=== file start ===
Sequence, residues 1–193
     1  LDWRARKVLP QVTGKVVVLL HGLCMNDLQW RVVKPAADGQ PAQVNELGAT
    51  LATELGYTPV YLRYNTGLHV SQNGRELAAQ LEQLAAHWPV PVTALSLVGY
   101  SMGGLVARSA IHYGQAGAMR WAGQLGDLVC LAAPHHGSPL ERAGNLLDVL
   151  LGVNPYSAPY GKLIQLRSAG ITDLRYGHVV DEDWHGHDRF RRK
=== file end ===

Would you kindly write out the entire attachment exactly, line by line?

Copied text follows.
Sequence, residues 1–193
     1  LDWRARKVLP QVTGKVVVLL HGLCMNDLQW RVVKPAADGQ PAQVNELGAT
    51  LATELGYTPV YLRYNTGLHV SQNGRELAAQ LEQLAAHWPV PVTALSLVGY
   101  SMGGLVARSA IHYGQAGAMR WAGQLGDLVC LAAPHHGSPL ERAGNLLDVL
   151  LGVNPYSAPY GKLIQLRSAG ITDLRYGHVV DEDWHGHDRF RRK